— and alcohol. And because many parents and other adults use alcohol socially — having beer
or wine with dinner, for example — alcohol seems harmless to many teens.

Why Shouldn't I Drink?

Although it's illegal to buy alcohol in the United States until the age of 21, most teens can get
access to it. It's therefore up to you to make a decision about drinking. In addition to the
possibility of becoming addicted, there are some downsides to drinking:

The punishment is severe. Teens who drink put themselves at risk for obvious problems
with the law (it's illegal; you can get arrested). Teens who drink are also more likely to get
into fights and commit crimes than those who don't.

People who drink regularly also often have problems with school. Drinking can damage a
student's ability to study well and get decent grades, as well as affect sports performance (the
coordination thing).

You can look really stupid. The impression is that drinking is cool, but the nervous system
changes that come from drinking alcohol can make people do stupid or embarrassing things,
like throwing up or peeing on themselves. Drinking also gives people bad breath, and no one
enjoys a hangover.
Alcohol puts your health at risk. Teens who drink are more likely to be sexually active and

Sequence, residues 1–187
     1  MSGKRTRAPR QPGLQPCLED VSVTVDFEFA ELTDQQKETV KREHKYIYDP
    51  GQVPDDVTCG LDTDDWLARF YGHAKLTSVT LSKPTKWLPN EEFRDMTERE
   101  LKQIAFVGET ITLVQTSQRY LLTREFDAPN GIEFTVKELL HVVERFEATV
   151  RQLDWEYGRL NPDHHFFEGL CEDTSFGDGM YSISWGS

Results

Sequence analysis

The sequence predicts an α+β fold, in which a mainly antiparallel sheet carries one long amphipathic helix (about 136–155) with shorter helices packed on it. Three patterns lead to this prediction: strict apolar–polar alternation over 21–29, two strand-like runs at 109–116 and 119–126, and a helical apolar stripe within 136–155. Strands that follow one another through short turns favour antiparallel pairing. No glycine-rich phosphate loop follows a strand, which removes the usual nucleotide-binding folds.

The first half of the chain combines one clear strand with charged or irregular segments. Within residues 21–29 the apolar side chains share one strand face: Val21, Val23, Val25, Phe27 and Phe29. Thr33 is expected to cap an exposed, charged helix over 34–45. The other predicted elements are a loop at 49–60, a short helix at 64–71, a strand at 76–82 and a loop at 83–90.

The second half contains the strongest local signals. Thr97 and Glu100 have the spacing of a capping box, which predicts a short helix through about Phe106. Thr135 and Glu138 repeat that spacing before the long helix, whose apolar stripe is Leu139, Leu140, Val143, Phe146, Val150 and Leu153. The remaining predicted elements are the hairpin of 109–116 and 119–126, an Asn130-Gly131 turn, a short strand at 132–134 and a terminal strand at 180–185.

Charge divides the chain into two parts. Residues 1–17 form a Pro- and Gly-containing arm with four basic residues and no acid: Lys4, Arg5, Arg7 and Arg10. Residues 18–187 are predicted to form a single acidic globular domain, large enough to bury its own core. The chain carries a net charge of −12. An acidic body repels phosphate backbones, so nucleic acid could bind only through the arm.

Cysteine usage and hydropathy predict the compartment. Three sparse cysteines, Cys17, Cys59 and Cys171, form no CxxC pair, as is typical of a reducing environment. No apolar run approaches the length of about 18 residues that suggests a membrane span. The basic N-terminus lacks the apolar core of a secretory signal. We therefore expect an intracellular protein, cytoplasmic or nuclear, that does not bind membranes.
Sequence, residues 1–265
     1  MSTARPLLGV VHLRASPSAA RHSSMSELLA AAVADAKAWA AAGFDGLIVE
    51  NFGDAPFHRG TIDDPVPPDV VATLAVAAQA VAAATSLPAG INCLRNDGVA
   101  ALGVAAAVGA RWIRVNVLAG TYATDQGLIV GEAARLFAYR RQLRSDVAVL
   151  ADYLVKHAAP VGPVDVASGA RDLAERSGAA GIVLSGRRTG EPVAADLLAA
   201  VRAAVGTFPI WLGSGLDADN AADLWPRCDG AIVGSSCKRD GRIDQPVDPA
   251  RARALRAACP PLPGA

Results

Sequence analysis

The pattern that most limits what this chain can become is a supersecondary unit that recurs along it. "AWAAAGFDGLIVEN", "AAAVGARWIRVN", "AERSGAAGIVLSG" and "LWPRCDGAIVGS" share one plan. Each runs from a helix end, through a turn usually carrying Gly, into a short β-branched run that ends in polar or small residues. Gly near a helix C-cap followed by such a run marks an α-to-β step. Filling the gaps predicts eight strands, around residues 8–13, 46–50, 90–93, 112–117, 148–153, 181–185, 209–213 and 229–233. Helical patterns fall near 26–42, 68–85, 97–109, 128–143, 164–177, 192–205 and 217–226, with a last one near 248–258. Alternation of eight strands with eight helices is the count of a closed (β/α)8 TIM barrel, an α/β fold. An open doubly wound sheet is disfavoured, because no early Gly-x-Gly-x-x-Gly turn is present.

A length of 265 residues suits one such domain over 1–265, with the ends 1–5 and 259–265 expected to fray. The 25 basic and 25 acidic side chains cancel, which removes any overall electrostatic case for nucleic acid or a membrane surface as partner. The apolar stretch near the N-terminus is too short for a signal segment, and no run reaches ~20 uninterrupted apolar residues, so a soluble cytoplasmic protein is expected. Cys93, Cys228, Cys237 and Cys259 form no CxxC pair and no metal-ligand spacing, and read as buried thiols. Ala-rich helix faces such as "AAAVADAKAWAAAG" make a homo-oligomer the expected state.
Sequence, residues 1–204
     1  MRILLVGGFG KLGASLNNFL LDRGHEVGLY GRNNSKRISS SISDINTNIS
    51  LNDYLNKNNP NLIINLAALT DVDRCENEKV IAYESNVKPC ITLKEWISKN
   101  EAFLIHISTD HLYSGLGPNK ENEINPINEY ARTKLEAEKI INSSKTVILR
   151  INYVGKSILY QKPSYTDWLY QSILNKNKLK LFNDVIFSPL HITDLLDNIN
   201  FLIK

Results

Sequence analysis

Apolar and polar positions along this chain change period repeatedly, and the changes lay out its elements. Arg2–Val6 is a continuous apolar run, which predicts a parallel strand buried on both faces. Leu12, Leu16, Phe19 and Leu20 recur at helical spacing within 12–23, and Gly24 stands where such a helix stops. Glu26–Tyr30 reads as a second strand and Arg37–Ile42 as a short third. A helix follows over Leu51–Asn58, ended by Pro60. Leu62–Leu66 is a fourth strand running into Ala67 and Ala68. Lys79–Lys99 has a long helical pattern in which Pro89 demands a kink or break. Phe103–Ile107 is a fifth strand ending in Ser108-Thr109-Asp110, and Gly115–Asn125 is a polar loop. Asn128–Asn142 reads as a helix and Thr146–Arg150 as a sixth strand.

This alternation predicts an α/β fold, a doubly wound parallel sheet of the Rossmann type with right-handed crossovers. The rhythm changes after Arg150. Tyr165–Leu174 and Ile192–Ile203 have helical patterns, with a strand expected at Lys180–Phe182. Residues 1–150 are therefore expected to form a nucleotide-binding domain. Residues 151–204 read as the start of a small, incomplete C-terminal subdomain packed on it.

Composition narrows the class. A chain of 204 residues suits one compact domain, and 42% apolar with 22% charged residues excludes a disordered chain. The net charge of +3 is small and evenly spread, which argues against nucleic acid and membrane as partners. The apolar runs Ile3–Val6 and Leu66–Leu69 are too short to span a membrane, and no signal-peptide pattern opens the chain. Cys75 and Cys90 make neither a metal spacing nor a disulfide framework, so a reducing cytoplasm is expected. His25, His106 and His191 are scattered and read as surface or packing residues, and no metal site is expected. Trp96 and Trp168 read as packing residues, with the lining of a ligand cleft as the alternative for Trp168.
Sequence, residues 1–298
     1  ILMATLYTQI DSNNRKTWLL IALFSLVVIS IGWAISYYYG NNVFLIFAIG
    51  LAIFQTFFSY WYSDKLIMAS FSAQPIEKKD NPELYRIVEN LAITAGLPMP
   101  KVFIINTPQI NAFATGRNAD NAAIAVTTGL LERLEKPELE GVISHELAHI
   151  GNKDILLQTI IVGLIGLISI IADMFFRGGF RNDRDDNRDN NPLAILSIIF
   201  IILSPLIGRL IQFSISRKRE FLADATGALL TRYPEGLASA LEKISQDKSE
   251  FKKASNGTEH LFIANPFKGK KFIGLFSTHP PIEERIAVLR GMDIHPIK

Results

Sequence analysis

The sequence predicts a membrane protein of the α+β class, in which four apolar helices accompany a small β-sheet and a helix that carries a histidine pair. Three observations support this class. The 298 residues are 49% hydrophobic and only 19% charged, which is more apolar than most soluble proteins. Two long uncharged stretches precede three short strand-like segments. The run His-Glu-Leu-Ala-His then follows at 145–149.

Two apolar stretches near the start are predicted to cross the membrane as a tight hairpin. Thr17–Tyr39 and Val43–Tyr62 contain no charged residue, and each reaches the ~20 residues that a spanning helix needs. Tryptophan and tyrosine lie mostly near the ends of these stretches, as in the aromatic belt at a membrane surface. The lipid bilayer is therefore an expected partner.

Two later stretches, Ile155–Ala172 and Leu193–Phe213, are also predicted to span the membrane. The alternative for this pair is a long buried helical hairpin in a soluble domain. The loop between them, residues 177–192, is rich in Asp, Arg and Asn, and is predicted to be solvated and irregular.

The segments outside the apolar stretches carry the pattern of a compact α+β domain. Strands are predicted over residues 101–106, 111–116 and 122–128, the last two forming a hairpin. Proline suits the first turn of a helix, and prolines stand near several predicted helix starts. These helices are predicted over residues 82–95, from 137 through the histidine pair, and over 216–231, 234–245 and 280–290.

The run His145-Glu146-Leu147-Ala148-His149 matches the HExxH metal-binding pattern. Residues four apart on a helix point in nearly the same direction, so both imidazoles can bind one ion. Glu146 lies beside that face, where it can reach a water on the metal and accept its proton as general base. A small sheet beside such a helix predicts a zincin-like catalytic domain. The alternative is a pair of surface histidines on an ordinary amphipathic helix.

to have unsafe, unprotected sex. Resulting pregnancies and sexually transmitted diseases can
change — or even end — lives. The risk of injuring yourself, maybe even fatally, is higher
when you're under the influence, too. One half of all drowning deaths among teen guys are
related to alcohol use. Use of alcohol greatly increases the chance that a teen will be involved
in a car crash, homicide, or suicide.

Teen drinkers are more likely to get fat or have health problems, too. One study by the
University of Washington found that people who regularly had five or more drinks in a row
starting at age 13 were much more likely to be overweight or have high blood pressure by age
24 than their nondrinking peers. People who continue drinking heavily well into adulthood risk
damaging their organs, such as the liver, heart, and brain.

How Can I Avoid Drinking?

If all your friends drink and you don't want to, it can be hard to say "no, thanks." No one
wants to risk feeling rejected or left out. Different strategies for turning down alcohol work for
different people. Some people find it helps to say no without giving an explanation, others
think offering their reasons works better ("I'm not into drinking," "I have a game tomorrow,"
or "my uncle died from drinking," for example).

If saying no to alcohol makes you feel uncomfortable in front of people you know, blame your
parents or another adult for your refusal. Saying, "My parents are coming to pick me up
soon," "I already got in major trouble for drinking once, I can't do it again," or "my coach
would kill me," can make saying no a bit easier for some.

If you're going to a party and you know there will be alcohol, plan your strategy in advance.